At Law School I had a friend who, when out at pubs and clubs, would tell new people she met that she worked for the local Council, because even as Law Students, we experienced this as a typical scenario, “So, what do you do…..?”.
Upon answering ‘I’m a Lawyer’ the conversation invariably goes one of two ways, “Oh, maybe you can help me….”, or “So why are lawyers so expensive…?”
Leaving aside the first response (because that is a whole other can of worms), let’s explore in detail the 5 Reasons Lawyers Are So Expensive…
1. Knowledge and Expertise – it’s a lifetime commitment…
Lawyers invest heavily in knowledge. They pay a premium for legal tertiary education, upon completion they must then undertake additional practical legal training. As part of their on-going professional obligations, lawyers MUST complete Continuing Professional Development (CPD) education. This can be particularly expensive for sole practitioners who not only need to pay private third-party providers but do not earn an income while they complete it.
And their commitment to knowledge doesn’t stop there. Lawyers must be aware of every change in the law affecting their clients and every major case before the courts and its outcome. Unlike some other professions failure to keep up to date could have very real and very significant negative impacts for their clients.
2. Peace of Mind – a lot happens beneath the surface that clients don’t see…
That commitment to knowledge is a commitment to knowing everything that you might need to know. You can be assured that when you walk into your lawyer’s office with whatever legal problem you might have, your lawyer can say to you “No problem. We got this”.
When you sign a retainer agreement with your lawyer, you are assigning your worries and problems to them – so that you can go home, spend some time with your family and sleep peacefully in the knowledge that your lawyer has in fact ‘got this’.
Meanwhile, your lawyer is:
- stressing about YOUR deadline
- completing YOUR paperwork
- dealing with YOUR uncomfortable phone calls; and
- negotiating on YOUR behalf.
There is lots of activity that happens below the surface and the sign of a great lawyer – the client doesn’t even know about it.
3. Experience – premium products often have premium price tags
Experience is a premium legal product. A lawyer who is extensively experienced can not only immediately identify your legal issues, but they can predict outcomes and negotiate their way through a myriad of disguised risks quickly and expertly. Which, in fact, can end up saving time and money down the track.
And in some cases, it might not be necessary to pay for the premium product, but in instances where it is essential there will, of course, be a price difference. You wouldn’t pay a qualified electrician to change a light bulb, but you also wouldn’t ask your (unqualified) uncle to re-wire your house. Like anything in life, the better the quality and service required, the more expensive the price tag.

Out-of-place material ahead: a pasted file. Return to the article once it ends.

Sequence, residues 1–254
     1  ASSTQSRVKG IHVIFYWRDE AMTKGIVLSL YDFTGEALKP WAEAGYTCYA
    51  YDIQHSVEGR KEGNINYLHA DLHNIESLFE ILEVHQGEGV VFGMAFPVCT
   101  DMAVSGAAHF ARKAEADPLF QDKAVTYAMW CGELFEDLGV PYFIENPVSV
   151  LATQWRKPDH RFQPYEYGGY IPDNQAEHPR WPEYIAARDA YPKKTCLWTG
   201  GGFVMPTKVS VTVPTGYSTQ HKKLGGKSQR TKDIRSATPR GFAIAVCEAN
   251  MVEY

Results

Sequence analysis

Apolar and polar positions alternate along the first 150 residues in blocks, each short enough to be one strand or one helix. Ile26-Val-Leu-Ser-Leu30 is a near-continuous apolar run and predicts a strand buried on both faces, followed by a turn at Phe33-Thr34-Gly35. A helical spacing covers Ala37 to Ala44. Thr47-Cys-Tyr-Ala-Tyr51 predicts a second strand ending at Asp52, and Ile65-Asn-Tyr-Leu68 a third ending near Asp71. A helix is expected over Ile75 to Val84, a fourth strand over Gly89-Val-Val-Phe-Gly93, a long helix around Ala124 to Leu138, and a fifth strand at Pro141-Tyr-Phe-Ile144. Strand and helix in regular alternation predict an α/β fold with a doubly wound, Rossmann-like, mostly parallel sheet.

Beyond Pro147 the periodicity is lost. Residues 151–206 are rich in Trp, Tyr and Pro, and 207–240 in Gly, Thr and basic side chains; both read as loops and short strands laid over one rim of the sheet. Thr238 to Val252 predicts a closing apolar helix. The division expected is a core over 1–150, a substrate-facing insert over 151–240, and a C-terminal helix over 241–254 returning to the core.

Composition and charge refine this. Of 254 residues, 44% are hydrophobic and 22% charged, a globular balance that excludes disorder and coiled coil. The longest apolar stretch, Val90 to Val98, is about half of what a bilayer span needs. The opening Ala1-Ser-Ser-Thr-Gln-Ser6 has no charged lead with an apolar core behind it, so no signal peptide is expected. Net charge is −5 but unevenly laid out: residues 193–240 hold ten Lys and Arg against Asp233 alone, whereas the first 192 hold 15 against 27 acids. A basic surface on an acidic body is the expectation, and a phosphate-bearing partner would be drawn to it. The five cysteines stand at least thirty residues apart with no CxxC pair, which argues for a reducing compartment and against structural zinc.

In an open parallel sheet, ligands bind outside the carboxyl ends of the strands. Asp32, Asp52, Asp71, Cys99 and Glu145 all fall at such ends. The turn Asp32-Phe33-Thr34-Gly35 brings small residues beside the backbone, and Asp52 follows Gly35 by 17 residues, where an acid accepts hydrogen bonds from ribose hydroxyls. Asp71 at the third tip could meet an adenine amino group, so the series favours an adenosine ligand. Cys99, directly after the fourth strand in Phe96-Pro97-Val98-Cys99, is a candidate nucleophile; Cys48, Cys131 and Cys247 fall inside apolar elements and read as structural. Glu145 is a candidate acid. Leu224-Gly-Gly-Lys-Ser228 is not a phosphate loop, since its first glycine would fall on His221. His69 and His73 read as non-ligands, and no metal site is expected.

4. Bespoke – it’s a custom designed service…
No two legal problems are the same, and therefore no two legal solutions are the same. Lawyers create custom-made solutions. You would not expect to pay the same price for an original piece of artwork as would expect to pay for a reproduction print.
Each legal case (…regardless of how similar they may seem) needs to be assessed on its merits – giving the client peace of mind that the lawyer is acting in their absolute best interests.
5. Costs and Overheads – there are many hidden costs to being a lawyer…
Like every other business owner, lawyers have costs and overheads. Office space, computers, furniture and equipment, internet, and other utilities, employee wages and superannuation, and even professional services, like accountants, because sometimes lawyers need advice too. All these costs go to create a law firm that provides the right environment for lawyers to do their best work.
Lawyering is a highly-regulated profession and compliance attracts additional overheads. Lawyers pay additional expenses that are unique to the profession, such as annual licensing fees and their associated renewal and administration costs and professional indemnity insurance, all so they can keep practicing and provide the best possible service to clients.
Something to keep in mind….
When your lawyer sends you an invoice, that invoice doesn’t just represent their time. Their invoice includes their commitment to knowing all the things they might need to know. It includes their carefully structured strategies, their problem-solving skills, and a custom-made solution. Mostly it provides peace of mind and a good night’s sleep. Yours, not theirs – they were probably up until 3am preparing documents on your behalf or constructing a strategy to help you win!
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